More Expensive Work Visas Unlikely To Slow H1B and Green Card Applications; Flawed Lottery System Will
Long-term work visas (H1B) and green cards through employment (L1) are available to skilled employees through employer's sponsorship. However, the revisions to the H1B and green card processes threaten to nullify the benefits these visas are designed to offer to the US businesses.
Robert Hoffman, in the opinion piece in the Wall Street Journal, describes a new developments in the long-term work visas in the U.S.
The massive budget deal that Congress passed last month is something of a grab bag. … For the next decade, the bill increases by $4,500 the fee on each new L-1 visa for managers and specialized professionals, and by $4,000 the fee on each H-1B visa for other skilled professionals. The higher fees also apply when a company seeks to renew workers’ visas. … [International] …companies rely on a skilled and mobile workforce, and thus, often relocate people to the U.S. temporarily or permanently. … Those who pushed to make temporary visas more expensive falsely believe that doing so will free up, save or create jobs for Americans. Recent evidence suggests the opposite: U.S. jobs will be lost. … The new taxes on temporary visas will be even more disruptive. American businesses have long benefited from collaborating with IT-services companies in the U.S. But now their costs will likely increase, and they might be forced to continue or expand that work abroad, which would mean fewer technology jobs in the U.S.
Missing from Discussion
While worthwhile discussion about effects on the U.S. economy through businesses (a lot of them happen to be information technology companies headquartered in India), the article does not mention one group that will most likely stand to gain from this development – U.S. immigration lawyers. Furthermore, although the article highlights the deterrent effects the higher fees would have, I believe it would be helpful to give a perspective on demand for such visa. For example, for the fiscal year 2016, USCIS received 233,000 petitions for H1B visas, while the cap stands at 85,000. In simple words, demand exceeds supply by more than 274%.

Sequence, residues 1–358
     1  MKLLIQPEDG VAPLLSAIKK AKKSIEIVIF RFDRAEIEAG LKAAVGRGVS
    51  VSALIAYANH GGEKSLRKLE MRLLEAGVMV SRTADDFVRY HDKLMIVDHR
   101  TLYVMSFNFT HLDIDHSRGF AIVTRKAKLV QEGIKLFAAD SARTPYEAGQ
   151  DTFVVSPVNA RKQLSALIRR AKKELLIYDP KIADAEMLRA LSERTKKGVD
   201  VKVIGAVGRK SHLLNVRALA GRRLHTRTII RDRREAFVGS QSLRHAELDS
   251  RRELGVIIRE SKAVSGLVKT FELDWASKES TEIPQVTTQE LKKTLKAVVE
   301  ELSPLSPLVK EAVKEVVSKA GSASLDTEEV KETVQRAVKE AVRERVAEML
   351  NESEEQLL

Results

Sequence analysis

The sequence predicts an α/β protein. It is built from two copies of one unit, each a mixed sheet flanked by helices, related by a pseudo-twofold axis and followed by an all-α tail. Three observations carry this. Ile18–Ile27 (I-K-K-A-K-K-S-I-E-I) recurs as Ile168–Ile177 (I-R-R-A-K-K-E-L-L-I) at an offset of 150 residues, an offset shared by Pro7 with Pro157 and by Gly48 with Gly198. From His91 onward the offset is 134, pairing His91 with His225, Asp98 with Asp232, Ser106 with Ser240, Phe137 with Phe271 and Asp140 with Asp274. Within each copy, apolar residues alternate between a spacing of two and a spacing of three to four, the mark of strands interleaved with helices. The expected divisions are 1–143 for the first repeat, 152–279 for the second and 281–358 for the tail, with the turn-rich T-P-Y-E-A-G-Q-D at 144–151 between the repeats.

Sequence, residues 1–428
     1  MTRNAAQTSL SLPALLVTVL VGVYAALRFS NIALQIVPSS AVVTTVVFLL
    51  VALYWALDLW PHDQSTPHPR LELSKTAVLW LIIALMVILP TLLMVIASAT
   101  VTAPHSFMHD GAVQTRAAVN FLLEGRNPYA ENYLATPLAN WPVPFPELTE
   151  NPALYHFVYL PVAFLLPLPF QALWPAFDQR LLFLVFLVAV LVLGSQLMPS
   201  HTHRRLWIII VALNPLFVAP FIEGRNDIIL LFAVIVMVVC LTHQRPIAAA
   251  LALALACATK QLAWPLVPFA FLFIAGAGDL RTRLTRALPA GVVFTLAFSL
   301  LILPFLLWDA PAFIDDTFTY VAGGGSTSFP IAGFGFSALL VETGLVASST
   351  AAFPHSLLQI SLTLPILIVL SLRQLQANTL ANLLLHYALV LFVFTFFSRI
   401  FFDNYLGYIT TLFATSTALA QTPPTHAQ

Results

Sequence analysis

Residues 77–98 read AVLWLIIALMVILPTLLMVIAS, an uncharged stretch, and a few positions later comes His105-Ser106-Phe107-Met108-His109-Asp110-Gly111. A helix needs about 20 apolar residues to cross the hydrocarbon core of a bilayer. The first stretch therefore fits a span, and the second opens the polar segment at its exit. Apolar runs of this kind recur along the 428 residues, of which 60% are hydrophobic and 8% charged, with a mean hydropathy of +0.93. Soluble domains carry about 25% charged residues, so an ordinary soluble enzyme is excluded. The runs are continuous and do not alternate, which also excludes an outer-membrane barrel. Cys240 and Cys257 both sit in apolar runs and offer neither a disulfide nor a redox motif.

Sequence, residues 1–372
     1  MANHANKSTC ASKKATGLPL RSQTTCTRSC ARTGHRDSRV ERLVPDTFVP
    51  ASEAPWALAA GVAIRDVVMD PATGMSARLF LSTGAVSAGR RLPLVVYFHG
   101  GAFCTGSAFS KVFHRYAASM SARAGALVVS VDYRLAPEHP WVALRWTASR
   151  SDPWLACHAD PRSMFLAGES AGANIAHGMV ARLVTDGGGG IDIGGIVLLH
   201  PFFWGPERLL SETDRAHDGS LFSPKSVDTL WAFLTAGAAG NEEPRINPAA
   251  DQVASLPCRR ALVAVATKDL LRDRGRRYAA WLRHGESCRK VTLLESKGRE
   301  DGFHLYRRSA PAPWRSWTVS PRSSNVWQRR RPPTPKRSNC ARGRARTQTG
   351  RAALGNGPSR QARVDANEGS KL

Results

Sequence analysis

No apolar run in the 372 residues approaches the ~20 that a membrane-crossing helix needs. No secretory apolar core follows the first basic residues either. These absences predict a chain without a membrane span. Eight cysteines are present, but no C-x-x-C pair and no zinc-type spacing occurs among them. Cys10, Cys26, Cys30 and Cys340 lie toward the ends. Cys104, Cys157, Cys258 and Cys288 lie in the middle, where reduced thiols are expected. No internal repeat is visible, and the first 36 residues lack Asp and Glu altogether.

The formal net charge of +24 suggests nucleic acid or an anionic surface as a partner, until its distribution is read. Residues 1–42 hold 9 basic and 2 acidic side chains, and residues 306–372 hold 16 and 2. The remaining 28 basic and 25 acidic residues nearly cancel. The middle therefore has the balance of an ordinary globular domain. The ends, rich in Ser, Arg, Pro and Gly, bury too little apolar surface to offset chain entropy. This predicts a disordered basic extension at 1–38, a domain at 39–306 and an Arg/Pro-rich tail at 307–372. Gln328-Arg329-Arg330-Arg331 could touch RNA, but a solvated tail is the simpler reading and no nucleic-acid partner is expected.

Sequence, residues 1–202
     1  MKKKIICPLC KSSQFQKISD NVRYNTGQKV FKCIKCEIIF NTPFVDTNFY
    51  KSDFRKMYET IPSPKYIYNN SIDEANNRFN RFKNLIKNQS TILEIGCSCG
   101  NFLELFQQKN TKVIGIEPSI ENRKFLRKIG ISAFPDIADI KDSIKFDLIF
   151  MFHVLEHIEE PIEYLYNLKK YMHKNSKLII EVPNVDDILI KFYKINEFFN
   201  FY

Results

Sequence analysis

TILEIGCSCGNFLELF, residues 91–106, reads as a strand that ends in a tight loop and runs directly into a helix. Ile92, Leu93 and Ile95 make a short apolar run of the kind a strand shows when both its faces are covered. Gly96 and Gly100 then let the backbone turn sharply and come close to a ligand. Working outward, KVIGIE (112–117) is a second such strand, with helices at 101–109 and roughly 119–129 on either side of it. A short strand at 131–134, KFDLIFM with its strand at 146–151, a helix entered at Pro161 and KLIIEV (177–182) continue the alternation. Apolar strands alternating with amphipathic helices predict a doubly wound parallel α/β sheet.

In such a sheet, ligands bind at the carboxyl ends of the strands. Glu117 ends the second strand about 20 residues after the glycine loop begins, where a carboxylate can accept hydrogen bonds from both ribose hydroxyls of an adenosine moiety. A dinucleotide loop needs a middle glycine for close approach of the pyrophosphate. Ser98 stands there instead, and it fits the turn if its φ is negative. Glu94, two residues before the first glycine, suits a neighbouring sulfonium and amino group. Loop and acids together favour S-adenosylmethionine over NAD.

Higher fees is not the issue in our opinion. Caps, which disrupt the natural flow of supply and demand in economics, are the problem. In our opinion, the higher fees will not likely be a deterrent for businesses to bring in talented and productive workers. These workers create so much value for the businesses, it is worth paying the higher fees. Starting 2016, the USCIS started distributing H1B visas on a lottery basis. This means that even if a business submits an application for a specific employee, and pays the fee, there is a chance that no such employee will be granted the visa. This uncertainty of success, in the face of steeper costs, will likely be a higher deterrent for businesses.
Why is this relevant? H1B and L1 visas fall “in-between” categories of visas, which are neither non-immigrant (like B1/B2 tourist/visitor visa) nor immigrant visa. These two categories of visas allow foreigners to stay and work in the U.S. for years at a time. Furthermore, it is not unusual for the holders of these two visa categories to “translate” their visa into a green card through their employer sponsorship. These visas are stepping stones to green card.
Solution? Ease the caps and raise fees further, both for L1 and H1B visas as well as green card through work. Those companies and employees who are best committed to immigrating to the U.S. will pay the fees, work harder to succeed and benefit the U.S. society in general in a more profound respects.
We publish an e-guide to Green Card by Marriage at www.doityourselfgreencard.com. Please visit our blog at www.doityourselfgreencard.com/blog for further discussion of immigration and green card issues.